In our synthesis we made the distinction between extant and emergent concerns, aspirations and actions. Extant versions refer to current and predominant stories about the city and often come from those who already have an influential voice and who are part of the policy process underway to achieve them. Emergent concerns on the other hand refer to the components that are not so centrally part of this story of the city because they come from groups who have little voice or are not part of the mainstream narrative. As one might expect of emergent concerns, these ideas are often muted and not capable of being fully expressed. Indeed, the language often needed to express them has not fully developed where as the language of extant concerns had more respectability. While they are barely on the radar, emergent components are important as they may contain the kernel of future resilience as new challenges also emerge. In short, these may represent a wealth of third horizon thinking. Focussing on concerns can lead to discussion about the potential threats to the city’s wellbeing in the future. From here we can discuss both how our actions might need to change, but also more challengingly, whether our aspirations and actions still match up.
In synthesising the data in the sections that follow we do not generally accredit the sources of ideas and statements as they are a product of the conversation as much as the property of individual speakers. Occasionally we refer to particular groups within the conversation in
general terms – when we feel this group was key in getting a particular issue into the airspace of the conversation and that its origins are vital to understanding it. Additionally we have steered away from using verbatim quotes or displaying artefacts produced in the Civic Conversation in this report. This is on account of this report being intended as our analytical overview of what happened and also of the sheer size, variety and amount of data generated. We believe that the categories into which we have grouped data still retain enough credibility, familiarity and surprise to demonstrate fidelity to the original data in which they are grounded, without resort to lengthy display. Also produced was a visual resource, called ‘Equal Exposure’ 3 and a short film titled Miniature Glasgow 4 . We have strived to stay faithful to the original conversations. When the substantive themes were distilled from the data, we did not ask whether we agreed with what was being said but used the themes as a means of unearthing aspirations for the City. We hope that readers will therefore not be put off by encountering views that they may not personally hold or that they feel are untrue, but that they will rather reflect with us on what the issues and views reveal about the current state of aspiration in the City, its ethos and values and explore ways forward.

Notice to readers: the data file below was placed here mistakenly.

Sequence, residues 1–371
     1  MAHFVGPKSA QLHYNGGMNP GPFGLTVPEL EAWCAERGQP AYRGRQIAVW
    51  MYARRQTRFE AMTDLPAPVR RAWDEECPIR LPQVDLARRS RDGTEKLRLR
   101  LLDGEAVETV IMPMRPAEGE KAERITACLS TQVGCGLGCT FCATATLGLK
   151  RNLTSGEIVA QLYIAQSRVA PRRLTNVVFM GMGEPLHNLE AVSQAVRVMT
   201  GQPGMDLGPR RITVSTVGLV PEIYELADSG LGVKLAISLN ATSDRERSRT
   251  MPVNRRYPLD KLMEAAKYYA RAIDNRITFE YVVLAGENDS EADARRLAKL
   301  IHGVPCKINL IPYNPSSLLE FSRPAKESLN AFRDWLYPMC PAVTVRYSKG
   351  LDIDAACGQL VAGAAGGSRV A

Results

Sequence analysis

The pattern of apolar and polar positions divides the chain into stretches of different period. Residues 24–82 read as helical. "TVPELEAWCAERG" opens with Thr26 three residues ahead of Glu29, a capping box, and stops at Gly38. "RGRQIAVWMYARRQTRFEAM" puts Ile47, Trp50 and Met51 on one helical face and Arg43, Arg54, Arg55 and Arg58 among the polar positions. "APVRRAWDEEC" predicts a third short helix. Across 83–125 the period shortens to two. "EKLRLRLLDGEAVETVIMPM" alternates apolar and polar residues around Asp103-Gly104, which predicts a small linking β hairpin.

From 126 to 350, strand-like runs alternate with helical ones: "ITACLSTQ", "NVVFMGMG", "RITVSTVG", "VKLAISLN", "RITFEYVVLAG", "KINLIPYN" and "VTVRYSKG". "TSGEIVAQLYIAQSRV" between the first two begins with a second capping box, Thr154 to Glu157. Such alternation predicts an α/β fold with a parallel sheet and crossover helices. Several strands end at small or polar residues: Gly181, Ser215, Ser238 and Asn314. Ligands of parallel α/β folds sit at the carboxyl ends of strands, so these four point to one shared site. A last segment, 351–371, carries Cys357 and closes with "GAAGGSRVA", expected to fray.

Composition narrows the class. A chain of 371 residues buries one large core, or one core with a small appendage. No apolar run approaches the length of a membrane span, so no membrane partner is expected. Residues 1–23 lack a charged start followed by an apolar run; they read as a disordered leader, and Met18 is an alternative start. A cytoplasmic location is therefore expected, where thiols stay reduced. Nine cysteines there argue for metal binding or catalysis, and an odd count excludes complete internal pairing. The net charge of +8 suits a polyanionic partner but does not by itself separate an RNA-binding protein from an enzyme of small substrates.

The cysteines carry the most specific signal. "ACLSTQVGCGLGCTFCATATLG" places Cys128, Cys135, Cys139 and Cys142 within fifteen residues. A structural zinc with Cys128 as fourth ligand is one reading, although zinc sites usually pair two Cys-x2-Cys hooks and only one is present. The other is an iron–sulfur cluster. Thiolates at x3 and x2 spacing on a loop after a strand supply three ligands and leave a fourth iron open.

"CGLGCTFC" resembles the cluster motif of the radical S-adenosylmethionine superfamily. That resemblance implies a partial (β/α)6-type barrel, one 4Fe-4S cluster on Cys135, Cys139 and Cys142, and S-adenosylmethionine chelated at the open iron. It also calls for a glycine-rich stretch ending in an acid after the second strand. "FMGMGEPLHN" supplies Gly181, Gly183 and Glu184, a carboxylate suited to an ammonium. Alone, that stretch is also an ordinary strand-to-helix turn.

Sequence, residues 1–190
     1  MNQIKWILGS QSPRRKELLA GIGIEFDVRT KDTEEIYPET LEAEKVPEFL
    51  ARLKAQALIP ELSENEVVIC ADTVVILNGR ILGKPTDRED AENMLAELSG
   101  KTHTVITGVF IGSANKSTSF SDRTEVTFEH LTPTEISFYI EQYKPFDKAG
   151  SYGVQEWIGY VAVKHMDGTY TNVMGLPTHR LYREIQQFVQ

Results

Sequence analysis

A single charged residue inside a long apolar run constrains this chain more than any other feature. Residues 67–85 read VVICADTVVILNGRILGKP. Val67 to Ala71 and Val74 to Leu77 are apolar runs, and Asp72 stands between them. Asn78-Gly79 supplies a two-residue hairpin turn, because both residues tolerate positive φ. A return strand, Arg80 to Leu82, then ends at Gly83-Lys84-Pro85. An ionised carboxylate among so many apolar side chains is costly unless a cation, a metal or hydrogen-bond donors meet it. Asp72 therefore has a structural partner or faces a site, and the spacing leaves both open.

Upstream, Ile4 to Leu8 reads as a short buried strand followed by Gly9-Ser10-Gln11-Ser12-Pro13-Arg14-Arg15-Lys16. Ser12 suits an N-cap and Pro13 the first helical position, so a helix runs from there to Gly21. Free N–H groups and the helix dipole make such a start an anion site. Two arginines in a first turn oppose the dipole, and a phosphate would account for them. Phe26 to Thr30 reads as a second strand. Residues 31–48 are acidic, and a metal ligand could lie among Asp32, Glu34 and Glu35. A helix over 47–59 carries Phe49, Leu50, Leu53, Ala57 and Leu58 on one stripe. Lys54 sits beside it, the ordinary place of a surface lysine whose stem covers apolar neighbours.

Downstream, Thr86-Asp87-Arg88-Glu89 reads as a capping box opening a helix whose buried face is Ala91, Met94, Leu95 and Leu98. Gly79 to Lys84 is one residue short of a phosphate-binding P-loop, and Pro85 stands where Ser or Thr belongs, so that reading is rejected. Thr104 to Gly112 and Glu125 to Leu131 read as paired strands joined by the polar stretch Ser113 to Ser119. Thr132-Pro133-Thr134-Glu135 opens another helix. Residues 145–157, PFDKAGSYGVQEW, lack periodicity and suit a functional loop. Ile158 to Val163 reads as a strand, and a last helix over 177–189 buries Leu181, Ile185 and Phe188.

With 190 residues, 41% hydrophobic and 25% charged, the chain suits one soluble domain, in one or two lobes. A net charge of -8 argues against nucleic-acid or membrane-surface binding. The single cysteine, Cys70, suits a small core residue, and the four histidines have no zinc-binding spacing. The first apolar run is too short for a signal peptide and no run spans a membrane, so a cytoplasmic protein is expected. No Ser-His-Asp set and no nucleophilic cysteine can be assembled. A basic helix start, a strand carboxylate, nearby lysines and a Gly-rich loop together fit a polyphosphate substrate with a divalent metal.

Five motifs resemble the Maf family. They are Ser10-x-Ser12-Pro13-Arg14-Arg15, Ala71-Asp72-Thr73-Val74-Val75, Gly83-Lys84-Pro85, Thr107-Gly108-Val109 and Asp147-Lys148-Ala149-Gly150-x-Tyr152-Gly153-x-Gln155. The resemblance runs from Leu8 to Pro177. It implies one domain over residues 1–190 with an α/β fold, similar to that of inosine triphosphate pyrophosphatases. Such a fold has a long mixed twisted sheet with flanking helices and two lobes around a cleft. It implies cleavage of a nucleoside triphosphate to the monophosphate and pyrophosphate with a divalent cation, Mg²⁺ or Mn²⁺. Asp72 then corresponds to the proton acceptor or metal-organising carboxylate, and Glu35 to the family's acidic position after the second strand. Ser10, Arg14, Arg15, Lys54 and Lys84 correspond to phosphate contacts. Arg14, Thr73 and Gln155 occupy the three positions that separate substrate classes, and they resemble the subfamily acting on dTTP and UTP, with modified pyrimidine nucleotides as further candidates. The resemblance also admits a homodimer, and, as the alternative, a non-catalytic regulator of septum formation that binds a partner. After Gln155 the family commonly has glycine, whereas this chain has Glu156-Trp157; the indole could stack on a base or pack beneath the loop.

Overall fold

Figure 1: 21st Century Concerns for Glasgow
Figure 1 shows how we categorised the realms of extant concern that the conversations produced. They show five realms of influence and reality that can be focussed on at one time. These represent our portals into deeper exploration of the terrain of the conversation whilst recognising the integrity of the whole.
A copy of this document is available from the Glasgow Centre for Population Health www.miniatureglasgow.com
Economic concerns Figure 2: Concerns relating to the economic realms
What are the limits to growth? How do we include all in the city’s prosperity? Increasing financial capability What are the costs to the psychosphere?
We start with the economic realm of concern. This was an extant concern among participants and loomed large, particularly in the early stages of the process. The economic concerns could be unpacked into the following elements: • • How to link with those currently excluded from the city’s economic development and its current prosperity? This referred to the persistent problem of worklessness and underemployment in Glasgow. How to avoid limits and threats to economic growth? This came from a fear that we had all our eggs in too few baskets and that the decline of heavy manufacturing in the second half of the 20th Century provided a lesson we were failing to heed about the fluid nature of the global division of labour and our reliance on favourable economic winds. 5 How to increase the financial capacity and capability of those on the margins to avoid debt? There was concern about the problem of debt in the City and that individuals did not have the capability to operate in a sustainable manner in an economy in which there was an abundance of consumer credit. 6 What are the costs of the economy for the ‘psychosphere’? 7 A concern here was that the economy encourages ways of relating to ourselves, others and society that was pathological.
In relation to these, the financial crisis of 2008 shows how quickly change can be upon us Ditto! 7 The ‘psychosphere’ was a working term we used to describe the psychological environment in the City that provides the given ways of relating to each other, in understanding ourselves and framing our aspirations. If the biosphere and physical and service infrastructure of the city are considered hardware, the psychosphere is the collective software we run to create the lived city. It resides in the internal realm of mind but is made external in shaping how we interact with one another. Through our beliefs and ways of relating we recreate the psychosphere by giving it legitimacy and currency, but it is rarely of our own sole creation. The component parts of the psychosphere are explored in the relational realms discussed subsequently; the psychological, social and political.